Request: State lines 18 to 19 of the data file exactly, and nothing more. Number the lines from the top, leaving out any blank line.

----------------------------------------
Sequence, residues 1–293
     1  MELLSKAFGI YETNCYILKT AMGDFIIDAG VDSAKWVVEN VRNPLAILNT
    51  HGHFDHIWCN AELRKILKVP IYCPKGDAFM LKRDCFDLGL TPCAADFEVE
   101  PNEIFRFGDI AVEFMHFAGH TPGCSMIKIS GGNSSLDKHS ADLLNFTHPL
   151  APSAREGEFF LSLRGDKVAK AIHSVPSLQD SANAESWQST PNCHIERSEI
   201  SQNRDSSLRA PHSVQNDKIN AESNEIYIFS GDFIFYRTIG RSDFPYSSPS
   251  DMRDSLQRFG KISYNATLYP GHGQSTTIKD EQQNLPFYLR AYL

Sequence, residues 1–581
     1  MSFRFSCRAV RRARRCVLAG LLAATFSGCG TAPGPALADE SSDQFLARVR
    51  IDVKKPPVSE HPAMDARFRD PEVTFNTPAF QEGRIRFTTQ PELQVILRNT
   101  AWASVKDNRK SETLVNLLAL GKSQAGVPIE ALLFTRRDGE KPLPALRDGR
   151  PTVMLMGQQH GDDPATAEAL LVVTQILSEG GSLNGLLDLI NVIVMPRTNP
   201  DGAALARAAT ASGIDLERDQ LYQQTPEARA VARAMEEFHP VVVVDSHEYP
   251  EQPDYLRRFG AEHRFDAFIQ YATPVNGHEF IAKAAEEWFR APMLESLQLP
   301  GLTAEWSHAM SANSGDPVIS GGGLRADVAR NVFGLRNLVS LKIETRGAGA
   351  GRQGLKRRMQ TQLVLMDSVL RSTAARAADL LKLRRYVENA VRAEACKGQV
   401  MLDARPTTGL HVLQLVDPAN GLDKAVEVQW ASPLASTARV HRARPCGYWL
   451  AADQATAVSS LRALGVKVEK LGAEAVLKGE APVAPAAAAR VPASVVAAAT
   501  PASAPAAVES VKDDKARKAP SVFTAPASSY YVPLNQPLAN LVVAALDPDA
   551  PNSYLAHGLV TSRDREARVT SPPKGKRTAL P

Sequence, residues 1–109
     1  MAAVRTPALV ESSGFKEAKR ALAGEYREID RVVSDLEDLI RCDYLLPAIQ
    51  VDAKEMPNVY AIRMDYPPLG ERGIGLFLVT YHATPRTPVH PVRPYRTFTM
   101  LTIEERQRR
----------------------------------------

   451  AADQATAVSS LRALGVKVEK LGAEAVLKGE APVAPAAAAR VPASVVAAAT
   501  PASAPAAVES VKDDKARKAP SVFTAPASSY YVPLNQPLAN LVVAALDPDA